Journal of the Society for Psychical Research, (2008) 72, 98-106
by Rupert Sheldrake


Most people have had the experience of turning round with the feeling that someone is looking at them from behind, finding that this is the case. Most people have also found that they can sometimes make people turn around just by looking at them (Sheldrake, 1994, 2003a; Cottrell, Winer & Smith, 1996).

The sense of being stared at (or scopaesthesia: Carpenter, 2005) can be investigated experimentally with people working in pairs, with the looker sitting behind the subject. In a randomized series of trials, the looker either looks at the back of the subjects neck, or looks away and thinks of something else. The looker signals to the subject when the trial begins by means of a mechanically produced sound. After about 10 seconds the subject guesses out loud whether he or she is being looked at or not, and the starer records whether the guess is right or wrong (Sheldrake, 1999). By chance, 50% of the guesses would be correct.

Experiments of this kind are so simple that students can do them in classroom experiments or as projects. Many thousands of trials of this kind have been carried out in schools and colleges, with highly significant positive results. I have organized many of these trials myself, both with children and with adults, and they have been replicated independently by dozens of other investigators in several different countries (Sheldrake, 1998. 1999, 2003a, 2005).

The results usually showed a distinctive pattern: in the 'looking' trials, scores were above the chance level, usually around 60%, while in the 'not looking' trials they were close to the chance level of 50%, with overall success rates around 55% (Sheldrake, 1999, 2003a). The patterns of results was similar whether or not the subjects were blindfolded or received trial-by-trial feedback (Sheldrake, 2001), and when they were looked at through closed windows (Sheldrake, 2000) or through a one-way mirror (Colwell, Schröder & Sladen, 2001: experiment 1).

However, not all studies have given similar results. After obtaining highly significant positive results in their first experiment for trials in which feedback was provided (the no feedback condition was at chance), Colwell et al. (2001) conducted a second experiment in which they changed two conditions: a different person served as starer and they used a different randomization procedure. The results were close to the chance level. They concluded that the difference from their first experiment must be due to the randomization method rather than the change of starer. But their assumption that the difference in outcome could not be due to a change in starer may well be invalid: in a study using a different technique, in which starees were looked at through a closed circuit television (CCTV), Wiseman and Schlitz (1997) found a striking experimenter effect whereby the results were non-significant when Wiseman, a sceptic, was the starer, while with Schlitz as starer, the results were positive and statistically significant.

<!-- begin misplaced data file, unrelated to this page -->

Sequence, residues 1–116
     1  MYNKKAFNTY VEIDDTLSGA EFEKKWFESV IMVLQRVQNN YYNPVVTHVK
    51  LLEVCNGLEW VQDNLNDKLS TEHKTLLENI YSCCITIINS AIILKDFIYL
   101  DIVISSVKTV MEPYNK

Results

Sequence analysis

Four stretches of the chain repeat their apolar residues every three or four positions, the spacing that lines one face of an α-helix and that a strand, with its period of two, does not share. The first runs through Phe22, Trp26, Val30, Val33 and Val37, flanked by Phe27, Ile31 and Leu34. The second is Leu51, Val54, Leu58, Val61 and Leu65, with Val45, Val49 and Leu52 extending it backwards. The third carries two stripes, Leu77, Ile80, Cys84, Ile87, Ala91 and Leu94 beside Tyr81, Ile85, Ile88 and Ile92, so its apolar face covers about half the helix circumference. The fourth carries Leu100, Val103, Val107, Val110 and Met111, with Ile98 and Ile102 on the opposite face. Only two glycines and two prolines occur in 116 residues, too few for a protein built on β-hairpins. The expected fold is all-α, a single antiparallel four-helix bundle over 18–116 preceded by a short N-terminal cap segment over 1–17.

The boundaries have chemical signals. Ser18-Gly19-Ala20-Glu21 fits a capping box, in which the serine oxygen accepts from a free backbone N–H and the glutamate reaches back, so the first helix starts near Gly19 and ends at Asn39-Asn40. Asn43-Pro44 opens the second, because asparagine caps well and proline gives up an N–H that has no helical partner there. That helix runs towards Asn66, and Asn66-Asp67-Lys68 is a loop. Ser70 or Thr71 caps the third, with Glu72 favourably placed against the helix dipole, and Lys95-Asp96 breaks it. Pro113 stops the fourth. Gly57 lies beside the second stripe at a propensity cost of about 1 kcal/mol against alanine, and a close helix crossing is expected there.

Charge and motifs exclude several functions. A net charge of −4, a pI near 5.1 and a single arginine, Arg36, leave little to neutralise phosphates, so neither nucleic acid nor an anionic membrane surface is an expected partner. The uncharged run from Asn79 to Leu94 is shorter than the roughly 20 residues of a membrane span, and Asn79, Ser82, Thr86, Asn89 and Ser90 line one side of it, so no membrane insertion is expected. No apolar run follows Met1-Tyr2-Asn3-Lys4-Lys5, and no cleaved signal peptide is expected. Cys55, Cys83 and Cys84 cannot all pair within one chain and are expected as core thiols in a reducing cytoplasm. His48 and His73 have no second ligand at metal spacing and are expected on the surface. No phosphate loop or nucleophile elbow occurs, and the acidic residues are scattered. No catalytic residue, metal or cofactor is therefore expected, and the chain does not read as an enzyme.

Marks & Colwell (2001) argued that the positive result in Colwell et al.s (2001) first experiment might be an artifact that arose because of a particular set of randomized score-sheets that I used in some of my experiments, and that Colwell et al. used in theirs. The randomizations involved counterbalanced sequences, and Marks & Colwell showed these particular sequences contained more alternations than would be expected in structureless randomizations. They argued that when starees were given trial-by-trial feedback, they could have learned implicitly there were patterns in the randomizations, and somehow used this information to score at above-chance levels. This hypothesis implies that scores should increase towards the end of tests because there has been more opportunity for implicit learning to occur.